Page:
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Religion: Converting Eichmann

4 minute read

Twice each week, armed guards escort Pastor William Lovell Hull of Jerusalem’s nondenominational Zion Christian Mission into the maximum security cellblock of Israel’s Ramla prison. As he enters, a sallow, thin-faced prisoner behind a thick glass partition snaps to his feet, bows and clicks his heels. Then the two men sit down, take up the earphones and microphones through which they communicate and open their Bibles. Pastor Hull then begins another session of trying to bring Adolf Eichmann back to the Christian faith he left in 1937.

With the approval of the Israeli government and the wary cooperation of the prisoner, Evangelical Preacher Hull has been Eichmann’s spiritual adviser since his conviction. Hull and his wife, who serves as German-English interpreter, are the only strangers Eichmann is allowed to see, and they hope to convert him before the Israel Supreme Court rules, probably next month, on his appeal of his death sentence.

Hull at first coldly visualized Eichmann “with a rope around his neck,” and although now “God has given me a slight feeling of compassion,” the preacher still feels that Eichmann had a fair trial and ought to hang for his crimes. “I’m not interested in his body,” he says. “But I am interested in his soul. He should be given a chance to save it. As Christians, we are obliged to offer him that much.”

“Jewish Fables.” Canadian-born Evangelist Hull, 62, seems oddly matched to his spiritual charge. A former Winnipeg salesman on the Manitoba grain exchange, Hull received “a very real personal call from God to move to Jerusalem” while attending services one night at Winnipeg’s Zion Apostolic Church. He settled down in Palestine in 1935, following his ordination to the ministry. A strong believer in Israeli independence, Hull has long enjoyed the favor of Israel’s government, and after Eichmann’s conviction Hull offered his services as a spiritual counselor. Eichmann, who had been brought up in Austria’s Evangelical Church, refused at first, agreed to one meeting on the advice of Lawyer Robert Servatius, and now seems to welcome Hull’s visits.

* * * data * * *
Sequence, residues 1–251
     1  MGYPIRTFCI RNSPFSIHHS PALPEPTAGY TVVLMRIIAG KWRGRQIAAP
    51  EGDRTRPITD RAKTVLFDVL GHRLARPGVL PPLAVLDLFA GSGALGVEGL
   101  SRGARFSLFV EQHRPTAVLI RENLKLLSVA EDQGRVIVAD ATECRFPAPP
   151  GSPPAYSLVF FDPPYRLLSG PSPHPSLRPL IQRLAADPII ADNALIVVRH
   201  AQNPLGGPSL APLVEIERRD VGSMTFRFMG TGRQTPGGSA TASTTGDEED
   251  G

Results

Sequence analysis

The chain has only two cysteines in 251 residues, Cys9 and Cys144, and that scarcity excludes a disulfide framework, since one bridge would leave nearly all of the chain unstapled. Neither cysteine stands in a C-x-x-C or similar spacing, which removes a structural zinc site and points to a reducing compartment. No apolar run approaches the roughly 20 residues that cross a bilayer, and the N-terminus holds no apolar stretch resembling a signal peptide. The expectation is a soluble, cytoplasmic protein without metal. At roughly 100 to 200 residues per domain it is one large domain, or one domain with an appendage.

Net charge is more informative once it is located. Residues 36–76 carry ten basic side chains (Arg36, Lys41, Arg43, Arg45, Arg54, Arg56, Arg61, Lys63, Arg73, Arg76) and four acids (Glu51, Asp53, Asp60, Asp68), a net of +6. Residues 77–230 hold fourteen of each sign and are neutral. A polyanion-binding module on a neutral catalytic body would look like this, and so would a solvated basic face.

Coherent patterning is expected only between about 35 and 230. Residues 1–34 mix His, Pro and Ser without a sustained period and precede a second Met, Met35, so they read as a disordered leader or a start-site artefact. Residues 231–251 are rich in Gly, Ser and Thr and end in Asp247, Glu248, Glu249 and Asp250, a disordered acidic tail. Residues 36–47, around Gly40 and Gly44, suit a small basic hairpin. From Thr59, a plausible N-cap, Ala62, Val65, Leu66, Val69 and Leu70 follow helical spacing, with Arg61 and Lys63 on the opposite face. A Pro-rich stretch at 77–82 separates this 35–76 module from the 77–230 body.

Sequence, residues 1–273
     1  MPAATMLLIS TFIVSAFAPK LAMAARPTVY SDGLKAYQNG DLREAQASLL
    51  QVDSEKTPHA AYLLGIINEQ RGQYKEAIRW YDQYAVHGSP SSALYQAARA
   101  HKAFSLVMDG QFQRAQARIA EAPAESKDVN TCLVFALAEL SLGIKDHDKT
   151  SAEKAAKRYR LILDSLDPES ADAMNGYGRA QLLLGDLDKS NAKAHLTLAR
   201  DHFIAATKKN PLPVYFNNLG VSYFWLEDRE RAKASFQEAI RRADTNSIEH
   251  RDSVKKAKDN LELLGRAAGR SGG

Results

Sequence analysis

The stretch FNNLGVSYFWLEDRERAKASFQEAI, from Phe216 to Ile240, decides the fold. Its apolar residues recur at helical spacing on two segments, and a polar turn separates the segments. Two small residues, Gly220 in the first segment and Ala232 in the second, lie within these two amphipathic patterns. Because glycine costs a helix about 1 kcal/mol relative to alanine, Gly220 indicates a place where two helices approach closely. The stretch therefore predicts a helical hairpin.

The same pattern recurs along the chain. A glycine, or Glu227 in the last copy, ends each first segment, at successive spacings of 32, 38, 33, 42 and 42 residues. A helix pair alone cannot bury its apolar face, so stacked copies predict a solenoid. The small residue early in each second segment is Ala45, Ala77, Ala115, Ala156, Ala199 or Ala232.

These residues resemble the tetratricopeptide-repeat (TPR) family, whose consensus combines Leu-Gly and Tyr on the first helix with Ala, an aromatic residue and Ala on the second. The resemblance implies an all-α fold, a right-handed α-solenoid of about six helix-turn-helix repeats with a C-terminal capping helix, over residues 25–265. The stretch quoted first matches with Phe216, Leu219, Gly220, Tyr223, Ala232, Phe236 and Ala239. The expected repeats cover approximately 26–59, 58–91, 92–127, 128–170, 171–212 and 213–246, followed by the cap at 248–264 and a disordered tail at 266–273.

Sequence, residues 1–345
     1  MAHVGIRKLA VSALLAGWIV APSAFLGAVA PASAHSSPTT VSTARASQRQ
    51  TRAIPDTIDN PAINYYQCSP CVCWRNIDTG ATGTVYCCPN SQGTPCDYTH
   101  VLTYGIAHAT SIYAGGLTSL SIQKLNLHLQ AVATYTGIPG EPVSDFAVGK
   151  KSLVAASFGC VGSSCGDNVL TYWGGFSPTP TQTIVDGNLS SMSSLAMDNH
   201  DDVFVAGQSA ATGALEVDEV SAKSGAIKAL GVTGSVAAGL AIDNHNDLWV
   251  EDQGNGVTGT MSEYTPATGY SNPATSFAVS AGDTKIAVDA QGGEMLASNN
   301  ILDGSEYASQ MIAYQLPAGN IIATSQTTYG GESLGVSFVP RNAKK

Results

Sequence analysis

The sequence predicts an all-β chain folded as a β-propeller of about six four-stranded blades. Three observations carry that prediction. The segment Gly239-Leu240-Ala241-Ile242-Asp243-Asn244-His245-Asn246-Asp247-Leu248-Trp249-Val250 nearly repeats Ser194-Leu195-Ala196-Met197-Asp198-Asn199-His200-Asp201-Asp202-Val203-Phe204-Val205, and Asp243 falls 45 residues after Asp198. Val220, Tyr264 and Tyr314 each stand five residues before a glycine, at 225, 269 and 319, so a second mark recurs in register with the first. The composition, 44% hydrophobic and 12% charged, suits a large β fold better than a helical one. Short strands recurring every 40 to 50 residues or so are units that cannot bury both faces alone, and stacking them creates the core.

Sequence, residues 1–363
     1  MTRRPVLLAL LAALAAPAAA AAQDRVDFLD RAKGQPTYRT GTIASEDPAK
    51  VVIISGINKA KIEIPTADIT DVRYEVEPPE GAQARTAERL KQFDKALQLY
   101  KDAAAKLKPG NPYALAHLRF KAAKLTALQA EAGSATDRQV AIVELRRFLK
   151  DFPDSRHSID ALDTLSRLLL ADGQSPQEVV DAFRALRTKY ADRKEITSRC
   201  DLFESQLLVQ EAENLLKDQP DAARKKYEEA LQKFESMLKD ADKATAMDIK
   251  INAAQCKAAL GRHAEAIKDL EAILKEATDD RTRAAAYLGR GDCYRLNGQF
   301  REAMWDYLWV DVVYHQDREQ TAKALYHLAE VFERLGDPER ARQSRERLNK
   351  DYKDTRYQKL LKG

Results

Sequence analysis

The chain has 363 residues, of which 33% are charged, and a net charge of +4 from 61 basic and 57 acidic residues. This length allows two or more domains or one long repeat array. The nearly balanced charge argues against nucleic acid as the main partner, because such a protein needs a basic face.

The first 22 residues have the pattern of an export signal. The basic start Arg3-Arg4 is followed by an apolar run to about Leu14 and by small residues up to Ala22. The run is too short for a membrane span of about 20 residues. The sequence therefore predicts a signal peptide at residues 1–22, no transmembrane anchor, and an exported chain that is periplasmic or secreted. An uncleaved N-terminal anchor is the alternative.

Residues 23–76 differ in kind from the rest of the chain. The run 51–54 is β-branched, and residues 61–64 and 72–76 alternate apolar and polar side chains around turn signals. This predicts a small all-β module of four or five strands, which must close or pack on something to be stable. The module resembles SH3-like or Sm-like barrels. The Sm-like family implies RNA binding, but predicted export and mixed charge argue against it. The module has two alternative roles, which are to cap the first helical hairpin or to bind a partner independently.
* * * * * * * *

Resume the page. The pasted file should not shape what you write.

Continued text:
To bring Eichmann to the point where “God can reach his heart,” Hull has tried to make Eichmann see that God’s judgment of his soul is more important than the Israeli court’s judgment of his body. At their first conference last month, Hull asked Eichmann to turn in his Bible to a text in Ecclesiastes. Eichmann hesitated. “Isn’t that in the Old Testament?” he asked. When Hull said it was, Eichmann answered: “I won’t read it. I don’t believe in Jewish stories and fables.” Patiently, Hull explained: “I’ve laid out a plan of study for you to consider that your soul might be saved, and if you don’t follow the plan I can’t help you. The Bible is one book. Both Old and New Testaments were written by Jews, and our early church was composed of Jews.” Eichmann thought for a moment, then turned to the chapter.

A Nazi God. Eichmann so far seems to have accepted the idea that he has a soul that will be judged by God, and that this soul can be saved before death. But he obstinately insists that as a helpless tool of Adolf Hitler he was not fully responsible for his crimes, does not yet agree with Hull that faith in Christ is the way to salvation, speaks of a creator that Hull feels is a Nazi God of power and force, not a God of love. “So far we are not talking about the same God,” says Hull.

Hull spends about two hours a week with Eichmann, preaching and reading Biblical passages with him. At the end of their sessions he leaves a written lesson, which Eichmann studies and returns, usually marked with questions. Hull finds ministering to the prisoner totally exhausting. “The power of Satan in that cell is tremendous,” he says. “I feel a tremendous responsibility, and if God were not with me I’d never attempt it.”

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